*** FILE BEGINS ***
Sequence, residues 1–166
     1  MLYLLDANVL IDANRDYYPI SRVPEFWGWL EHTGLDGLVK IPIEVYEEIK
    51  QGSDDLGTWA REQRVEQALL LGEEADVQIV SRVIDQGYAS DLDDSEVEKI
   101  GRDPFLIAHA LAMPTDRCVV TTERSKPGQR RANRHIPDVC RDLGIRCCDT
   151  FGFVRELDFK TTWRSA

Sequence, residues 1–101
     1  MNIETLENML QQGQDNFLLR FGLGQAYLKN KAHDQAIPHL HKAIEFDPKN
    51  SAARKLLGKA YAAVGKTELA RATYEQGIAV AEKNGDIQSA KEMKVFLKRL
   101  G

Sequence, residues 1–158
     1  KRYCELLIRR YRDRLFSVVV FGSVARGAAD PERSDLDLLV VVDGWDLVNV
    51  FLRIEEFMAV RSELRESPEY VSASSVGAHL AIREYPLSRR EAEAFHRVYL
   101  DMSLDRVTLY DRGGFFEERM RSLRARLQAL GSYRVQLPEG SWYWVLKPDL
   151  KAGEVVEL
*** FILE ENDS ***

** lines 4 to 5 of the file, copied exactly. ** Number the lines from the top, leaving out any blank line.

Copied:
   101  GRDPFLIAHA LAMPTDRCVV TTERSKPGQR RANRHIPDVC RDLGIRCCDT
   151  FGFVRELDFK TTWRSA